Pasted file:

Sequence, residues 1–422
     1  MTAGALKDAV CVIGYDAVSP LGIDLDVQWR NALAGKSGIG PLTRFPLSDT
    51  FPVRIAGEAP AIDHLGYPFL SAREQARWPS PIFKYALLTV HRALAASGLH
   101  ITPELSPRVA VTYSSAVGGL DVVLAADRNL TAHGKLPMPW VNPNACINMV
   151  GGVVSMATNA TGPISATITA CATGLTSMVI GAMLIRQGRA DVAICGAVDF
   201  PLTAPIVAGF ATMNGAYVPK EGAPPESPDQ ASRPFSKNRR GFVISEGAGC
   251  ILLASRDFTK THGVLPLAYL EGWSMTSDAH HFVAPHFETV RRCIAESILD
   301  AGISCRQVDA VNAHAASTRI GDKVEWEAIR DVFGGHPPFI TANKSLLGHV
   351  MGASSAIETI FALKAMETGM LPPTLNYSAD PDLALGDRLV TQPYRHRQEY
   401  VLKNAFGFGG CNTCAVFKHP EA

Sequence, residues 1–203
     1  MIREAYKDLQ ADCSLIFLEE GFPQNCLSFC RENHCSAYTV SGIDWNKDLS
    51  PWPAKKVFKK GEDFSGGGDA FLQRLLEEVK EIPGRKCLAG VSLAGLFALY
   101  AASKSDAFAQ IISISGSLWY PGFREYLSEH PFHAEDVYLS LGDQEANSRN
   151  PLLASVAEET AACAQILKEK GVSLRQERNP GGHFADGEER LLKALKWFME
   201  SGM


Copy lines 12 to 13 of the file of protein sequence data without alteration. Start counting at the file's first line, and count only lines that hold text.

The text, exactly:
     1  MIREAYKDLQ ADCSLIFLEE GFPQNCLSFC RENHCSAYTV SGIDWNKDLS
    51  PWPAKKVFKK GEDFSGGGDA FLQRLLEEVK EIPGRKCLAG VSLAGLFALY